For those of you who don’t think its worth challenging sexism in the workplace when you are confronted with it, we encourage you to read the incredible story of Marion Konczak.
Through sheer persistence, and after 10 years of legal strife, she was awarded £360,000 to compensate for her boss’s failure to deal with appalling gender-based bullying she suffered.
Marion worked for arms manufacturer BAE Systems. In 2007, she complained to her supervisor that she was being “harassed, including sexually” by colleagues she was working with on an RAF project.
Rather than providing Marion with the support she needed to recover from the stress it caused her, and take action against those involved, she was told that “women take things more emotionally than men, whilst men tend to forget things and move on.”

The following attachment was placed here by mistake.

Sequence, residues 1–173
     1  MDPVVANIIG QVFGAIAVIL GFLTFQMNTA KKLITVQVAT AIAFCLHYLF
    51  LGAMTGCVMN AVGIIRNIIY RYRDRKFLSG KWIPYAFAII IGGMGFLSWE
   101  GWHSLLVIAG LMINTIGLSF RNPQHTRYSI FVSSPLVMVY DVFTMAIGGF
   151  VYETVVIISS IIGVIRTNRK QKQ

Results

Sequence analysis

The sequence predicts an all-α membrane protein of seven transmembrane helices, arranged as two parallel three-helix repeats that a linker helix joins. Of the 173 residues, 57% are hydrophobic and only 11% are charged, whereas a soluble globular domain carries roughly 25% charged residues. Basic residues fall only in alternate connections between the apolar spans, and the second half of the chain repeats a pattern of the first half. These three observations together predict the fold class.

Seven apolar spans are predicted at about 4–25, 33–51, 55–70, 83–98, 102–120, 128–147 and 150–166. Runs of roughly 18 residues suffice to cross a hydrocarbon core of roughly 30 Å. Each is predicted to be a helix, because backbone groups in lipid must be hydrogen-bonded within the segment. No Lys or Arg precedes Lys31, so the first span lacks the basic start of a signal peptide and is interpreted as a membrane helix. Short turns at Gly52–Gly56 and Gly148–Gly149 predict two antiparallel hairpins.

Upset about the company’s refusal to take her seriously, she was eventually signed off sick with a stress-related illness, and later sacked.
Determined to get justice for the discrimination she had suffered while at BAE, she took her former employers to a tribunal. In 2014 – yes, seven years after the incident – her complaint was upheld and she was awarded £360,178.
Sadly, that wasn’t the end of the battle. BAE systems appealed against the amount they were ordered to pay Marion, calling it “grossly excessive”. Add a further three years of waiting, and the Court of Appeal has finally ruled that Marion “deserved every penny” and upheld the original ruling.
The news comes a week after the Supreme Court ruled that workplace tribunal fees were unlawful. The Government will be forced to repay £27million to employees who spent thousands fighting cases of unfair dismissal, discrimination and workplace issues since July 2013.
This gives more woman, like Marion, greater opportunity to take employers to tribunal over things like office sexism, and hopefully will make bosses think twice before they dismiss cases of discrimination so flippantly in the future.